$ ssh -i /home/tommy/mykey.pem ec2-user@ec2-184-73-226-161.compute-1.amazonaws.com

Please note the hyphens instead of dots in the IP address! Then, you’re good to go and start customizing your current machine! If you would like to save these configurations onto a new image (AMI), just copy the current AMI through the Management Console. You can then use this image when booting up new environments. You find Tomcat under /usr/share/tomcat6/. See below for a login example:

tommy@linux /host $ ssh -i /home/tommy/mykey.pem ec2-user@ec2-184-73-226-161.compute-1.amazonaws.com
The authenticity of host 'ec2-184-73-226-161.compute-1.amazonaws.com (' can't be established.
RSA key fingerprint is 13:7d:aa:31:5c:3b:17:ed:74:6d:87:07:23:ee:33:20.
Are you sure you want to continue connecting (yes/no)? yes
Warning: Permanently added 'ec2-184-73-226-161.compute-1.amazonaws.com,' (RSA) to the list of known hosts.
Last login: Thu Feb  3 23:48:38 2011 from 72-21-198-68.amazon.com

 __|  __|_  )  Amazon Linux AMI
 _|  (     /     Beta

See /usr/share/doc/amzn-ami/image-release-notes for latest release notes.
[ec2-user@ip-10-122-194-97 ~]$  sudo su -
[root@ip-10-122-194-97 /]# ls -al /usr/share/tomcat6/
total 12
drwxrwxr-x  3 root tomcat 4096 Feb  3 23:50 .
drwxr-xr-x 64 root root   4096 Feb  3 23:50 ..
drwxr-xr-x  2 root root   4096 Feb  3 23:50 bin
lrwxrwxrwx  1 root tomcat   12 Feb  3 23:50 conf -> /etc/tomcat6
lrwxrwxrwx  1 root tomcat   23 Feb  3 23:50 lib -> /usr/share/java/tomcat6
lrwxrwxrwx  1 root tomcat   16 Feb  3 23:50 logs -> /var/log/tomcat6
lrwxrwxrwx  1 root tomcat   23 Feb  3 23:50 temp -> /var/cache/tomcat6/temp
lrwxrwxrwx  1 root tomcat   24 Feb  3 23:50 webapps -> /var/lib/tomcat6/webapps
lrwxrwxrwx  1 root tomcat   23 Feb  3 23:50 work -> /var/cache/tomcat6/work
Tommy Tynjä

Deployment pipeline och Continuous delivery

En deployment pipeline är till stor utsträckning ett löpande band för att införa förändringar i ett befintligt system. Eller om man så vill automatisering av releaseprocessen.

Vad är nyttan med pipelines? Det finns massvis, men det är två fundamentala mekanismer som sticker ut: Det första är att en automatisk pipeline kräver att man faktiskt har kartlagt och fastställt vilken releaseprocess man har. Det är här den största svårigheten/nyttan finns. Att bara modellera den och komma överens om vilka steg som ska finnas, samt vilka aktiviteter som ska ingå i vilka steg gör att arbetet kommer gå otroligt mycket smidigare. Att sedan stoppa in ett verktyg som gör vissa av stegen automatiskt är mer eller mindre en bonus och ger en bra överblick över vilka steg som ingår i processen. Allt för många gör tvärt om, stoppar in verktyget först. Min erfarenhet är att det aldrig blir aldrig bra.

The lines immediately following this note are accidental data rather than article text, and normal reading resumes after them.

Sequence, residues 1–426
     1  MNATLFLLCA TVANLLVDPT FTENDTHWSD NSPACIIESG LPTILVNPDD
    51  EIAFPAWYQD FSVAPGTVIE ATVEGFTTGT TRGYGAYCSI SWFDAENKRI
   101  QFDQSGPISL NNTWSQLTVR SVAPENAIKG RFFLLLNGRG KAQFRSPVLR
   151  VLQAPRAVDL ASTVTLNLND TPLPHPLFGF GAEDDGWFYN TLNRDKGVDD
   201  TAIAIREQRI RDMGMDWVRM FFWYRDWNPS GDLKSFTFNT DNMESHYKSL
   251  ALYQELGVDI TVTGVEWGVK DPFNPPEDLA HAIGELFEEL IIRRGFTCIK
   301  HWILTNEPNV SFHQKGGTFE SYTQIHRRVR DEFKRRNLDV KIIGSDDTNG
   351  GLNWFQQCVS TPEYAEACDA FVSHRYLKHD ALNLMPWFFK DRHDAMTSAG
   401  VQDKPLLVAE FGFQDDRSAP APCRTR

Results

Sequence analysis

Det andra är att det främjar DevOps-samarbetet genom att alla får insyn i vad som händer på väg från utveckling till produktion. En pipeline går rakt i igenom Dev-QA-Ops vilket är väsentligt för att alla ska jobba mot samma mål. Devsidan får ett “API” mot releaseprocessen som gör att de håller sig inom de ramar som produktionsmiljön utgör. Rätt implementerat får QA-avdelningen får en knapp att trycka på för att lägga in vilken version som helt i en testmiljö. Ops avdelningens arbete blir även mer inriktat till att bygga automatiska funktioner (robotar på löpande bandet) som stödjer release processen istället för att arbeta med återkommande manuella uppgifter som behöver upprepas för varje release. Man har då gått från att vara en ren kostnad till att investera i sitt löpande band.

I dagsläget finns en uppsjö produkter som hanterar pipelines och nya dyker upp hela tiden.

ThoughtWorks har flaggskeppet Go (fd Cruise) som bygger helt och hållet på pipelines.
Jenkins/Hudson kräver en plugin för att hantera samma sak, fördelen är att både Jenkins och plugin är fritt att använda som opensource.
Atlassians Bamboo kan kombineras med Jira och en plugin från SysBliss för att skapa pipelines.
Vill man ha bättre kontroll på vem som gör vad är Nolio en produkt som kan hantera användarrättigheter i samband med pipelines.
AnthillPro är ännu en produkt som är mycket bra på att bygga avancerad deployment autmation (pipelines).

Pipelines är mycket bra, men det finns några fällor att kliva i så det gäller att vara påläst, pragmatisk och hålla tungan rätt i mun..

Vill man läsa mer om detta, kan man förutom att följa denna blogg, läsa Jez Humbles bok : Continuous Delivery